Sexology-oriented activity: Alejandra

For me, this transition occurred when I was 12 years old. I grew up and lived most of my life in Mexico, but when I was 10 years old, my family and I moved to Madrid, Spain.

When I lived in Spain, all my friendships and activities were still very child-like. My friends and I would talk about school, sports, movies, etc; we rarely talked about boys or sex, and when we did, it was not a big deal. After two years in Madrid, we moved back to Mexico City and everything was different. I started going to a different school than the one I had gone to before I moved to Spain. Since I was in 7th grade, I went to a private escuela secundaria (Mexican equivalent to Middle school or Junior high). The majority of my classmates came from the same elementary school, but there were still many that came from other schools.

The first day of school was a cultural shock for me. In only two years, I had got very immersed in Spanish culture, and it was really surprising to come to a much different Mexico than the one I knew before. Everyone used slang Mexican expressions that I did not understand. For example, the very first day of school, I remember hearing a conversation among 4 girls, about how a boy and a girl in our class “se pusieron calientes” (became horny) but I had no idea what they meant by that. Now I do not think that they even knew what it meant, but we all pretended to understand and to be surprised. This expression, as well as many other things that I heard in this school, was so vague that it made me think that maybe kids my age were already having sex. It seemed to me that 12-year-old kids in Mexico were much more advanced than 12-year-olds in Madrid. In Mexico, most guys talked dirty and constantly made sexual jokes, while the girls laughed and said: “Ew! Stop being gross!”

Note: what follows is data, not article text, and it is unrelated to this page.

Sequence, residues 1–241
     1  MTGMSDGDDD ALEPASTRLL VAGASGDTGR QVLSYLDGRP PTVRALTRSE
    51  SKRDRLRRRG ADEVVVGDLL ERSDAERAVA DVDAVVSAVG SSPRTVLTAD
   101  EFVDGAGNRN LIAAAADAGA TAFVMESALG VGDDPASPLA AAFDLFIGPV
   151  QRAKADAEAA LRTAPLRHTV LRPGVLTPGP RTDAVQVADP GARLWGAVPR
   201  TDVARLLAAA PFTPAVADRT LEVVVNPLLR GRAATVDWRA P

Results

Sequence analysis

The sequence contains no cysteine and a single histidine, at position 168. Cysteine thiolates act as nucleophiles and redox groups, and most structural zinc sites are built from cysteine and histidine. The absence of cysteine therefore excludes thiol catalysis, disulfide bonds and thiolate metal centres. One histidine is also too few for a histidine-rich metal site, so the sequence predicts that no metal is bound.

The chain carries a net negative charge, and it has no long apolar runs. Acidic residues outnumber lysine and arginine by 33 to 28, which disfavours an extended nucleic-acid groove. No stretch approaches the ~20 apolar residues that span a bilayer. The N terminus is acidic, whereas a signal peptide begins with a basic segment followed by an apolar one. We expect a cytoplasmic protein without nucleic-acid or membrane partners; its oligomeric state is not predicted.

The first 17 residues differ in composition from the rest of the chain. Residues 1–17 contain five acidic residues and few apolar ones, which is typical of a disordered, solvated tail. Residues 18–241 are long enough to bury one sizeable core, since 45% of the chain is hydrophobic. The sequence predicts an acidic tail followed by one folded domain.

After a year of making friends among these kids and getting used to living in Mexico, I became an expert in Mexican slang and sexual innuendo.

I do not know if it was because of cultural differences between Mexico and Spain, or if it was the different school system; or the huge American influence that kids in Mexico City are exposed to (by watching American movies, MTV, listening to American music, etc.); or if it was inevitable that I would have my transition at this age, but I think that my environment and contact with other kids were the mainly what made me stop being a child and become a teenager.

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